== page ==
Gender Differences in Academic Promotions: Plus Ca Change Plus C’est La Meme Chose


Despite the increase in the number of women entering medical schools worldwide[1] their percentage in higher academic ranks and academic leadership positions is lagging behind. In 2011, women accounted for 47% of US Medical school matriculants and 37% of full time faculty [2], while the percentage of women in senior academic ranks is around 15%.

Mayer et al. [2], in a recent article in Academic Medicine, evaluated (i) the gender distribution of US medical faculty on the Traditional Tenure Track (TTT) and the more recently introduced Clinician Educator Track (CET) and (ii) the likelihood of appointment by gender to each of these tracks. The CET is one of several academic tracks that were introduced in the1970’s and 1980’s to meet faculty needs as they faced increasing educational and clinical demands. Faculty on this track have the primary responsibility of patient care and teaching. Publication of original research in peer reviewed journals may not be required to qualify for promotion to this track, and faculty on this track lag behind their TTT colleagues in academic promotion.

In this paper, the authors evaluate data obtained from the AAMC 2011 faculty roster that included information from 134 US Medical schools representing 138,508 full time faculty (64% male and 36% females). The TTT was reported to be present in around 92% of the schools and the CET in 79%. Among the schools reporting CET (n=83), 77% reported a higher proportion of females. Whilst for the schools with the TTT (n=102) only 20% had higher proportion of female faculty.

The findings of this paper are not surprising but still disappointing. They clearly highlight the fact that increasing matriculation of female physicians into medical schools is not sufficient to lead to gender equity at higher ranks. But then what would? Mentorship[3] is considered an important catalyst for career success in academic institutions. Women who have mentors or have been enrolled in formal mentoring programs have increased satisfaction in academia, increased ability to submit papers to peer reviewed journals and are less likely to seriously consider leaving academia[4]. Mentorship, however, did not translate into more women in the most senior positions.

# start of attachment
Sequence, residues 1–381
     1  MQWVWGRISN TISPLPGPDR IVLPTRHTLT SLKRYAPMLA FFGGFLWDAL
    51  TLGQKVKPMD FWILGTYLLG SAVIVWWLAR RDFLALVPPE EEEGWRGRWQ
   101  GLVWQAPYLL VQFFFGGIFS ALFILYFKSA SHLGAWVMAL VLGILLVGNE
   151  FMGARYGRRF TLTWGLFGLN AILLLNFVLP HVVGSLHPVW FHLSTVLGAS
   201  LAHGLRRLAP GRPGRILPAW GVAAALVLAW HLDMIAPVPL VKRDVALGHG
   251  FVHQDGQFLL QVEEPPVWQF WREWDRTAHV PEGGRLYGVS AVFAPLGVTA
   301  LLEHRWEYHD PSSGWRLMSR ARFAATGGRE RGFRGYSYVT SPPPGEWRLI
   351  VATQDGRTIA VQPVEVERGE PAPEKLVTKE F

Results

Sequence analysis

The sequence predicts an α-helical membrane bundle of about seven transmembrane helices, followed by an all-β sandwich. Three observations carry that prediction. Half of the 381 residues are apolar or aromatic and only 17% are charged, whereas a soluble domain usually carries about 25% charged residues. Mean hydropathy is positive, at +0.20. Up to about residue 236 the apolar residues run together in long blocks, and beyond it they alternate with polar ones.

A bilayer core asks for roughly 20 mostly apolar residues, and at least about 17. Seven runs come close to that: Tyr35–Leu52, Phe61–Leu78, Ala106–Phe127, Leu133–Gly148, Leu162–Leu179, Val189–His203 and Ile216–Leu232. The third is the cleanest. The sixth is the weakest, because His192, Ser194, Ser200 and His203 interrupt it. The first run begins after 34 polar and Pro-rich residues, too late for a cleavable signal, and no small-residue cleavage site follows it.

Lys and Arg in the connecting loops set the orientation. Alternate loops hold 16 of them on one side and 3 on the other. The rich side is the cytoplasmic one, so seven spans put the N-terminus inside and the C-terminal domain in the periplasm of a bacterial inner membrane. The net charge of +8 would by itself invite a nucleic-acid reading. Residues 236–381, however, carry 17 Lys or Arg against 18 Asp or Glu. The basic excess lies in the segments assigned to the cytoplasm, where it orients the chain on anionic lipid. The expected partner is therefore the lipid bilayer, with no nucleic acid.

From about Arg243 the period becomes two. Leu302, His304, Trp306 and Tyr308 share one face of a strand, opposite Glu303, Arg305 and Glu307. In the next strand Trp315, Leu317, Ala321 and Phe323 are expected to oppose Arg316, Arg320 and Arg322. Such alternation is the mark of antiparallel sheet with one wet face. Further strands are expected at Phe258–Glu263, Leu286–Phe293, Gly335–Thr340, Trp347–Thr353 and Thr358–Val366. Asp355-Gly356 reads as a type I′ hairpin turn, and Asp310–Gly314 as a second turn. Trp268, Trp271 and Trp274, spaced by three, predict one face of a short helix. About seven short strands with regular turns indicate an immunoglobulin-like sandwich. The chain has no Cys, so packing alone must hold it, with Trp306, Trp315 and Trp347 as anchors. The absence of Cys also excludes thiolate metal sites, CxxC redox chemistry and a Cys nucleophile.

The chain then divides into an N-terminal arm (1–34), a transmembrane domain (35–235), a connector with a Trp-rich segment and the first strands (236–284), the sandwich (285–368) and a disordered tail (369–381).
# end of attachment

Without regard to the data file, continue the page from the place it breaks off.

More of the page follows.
Sponsorship[5] is a new concept borrowed from the corporate world and is suggested as a new model that might promote equity. Sponsors are neither mentors nor coaches (Table-1-). They are senior powerful members of the organization and could affect decision-making. Sponsorship programs have been effective in several corporate organizations where an unknown leadership talent was recognized and advanced. No such programs are yet introduced in academic medicine.

In summary, gender equity in academic promotions in Medicine has not met expectations. For the few women who made it to the top, it would be important to understand their unique characteristics as well as the formal and informal environments that helped them succeed.

Helpful Definitions
Mentoring[3] A dynamic reciprocal relationship in a work environment between an advanced career incumbent (mentor) and a beginner (protégée) aimed at promoting the development of both
Sponsorship[5] Is the public support by a powerful person for the advancement of an individual within who, he or he sees untapped leadership talent or potential
Coaching A strategy that enhances performance through direct observation and feedback
Role Models[5] Persons who serve as a model in a particular behavior or social role to emulate
Table -1-

For further reading on these topics consider:

  1. Chouchane, L., et al., Medical education and research environment in Qatar: a new epoch for translational research in the Middle East. J Transl Med, 2011. 9: p. 16.
  2. Mayer, A.P., et al., Gender Distribution of U.S. Medical School Faculty By Academic Track Type. Acad Med, 2013.
  3. Sambunjak, D., S.E. Straus, and A. Marusic, Mentoring in academic medicine: a systematic review. JAMA, 2006. 296(9): p. 1103-15.
  4. Fried, L.P., et al., Career development for women in academic medicine: Multiple interventions in a department of medicine. JAMA, 1996. 276(11): p. 898-905.
  5. Travis, E.L., L. Doty, and D.L. Helitzer, Sponsorship: a path to the academic medicine C-suite for women faculty? Acad Med, 2013. 88(10): p. 1414-7.

Reviewed for January 2014 by
Thurayya Arayssi, MD, FACP, FACR, FRCP
Associate Professor of Medicine
Associate Dean for Graduate Medical Education
Weill Cornell Medical College in Qatar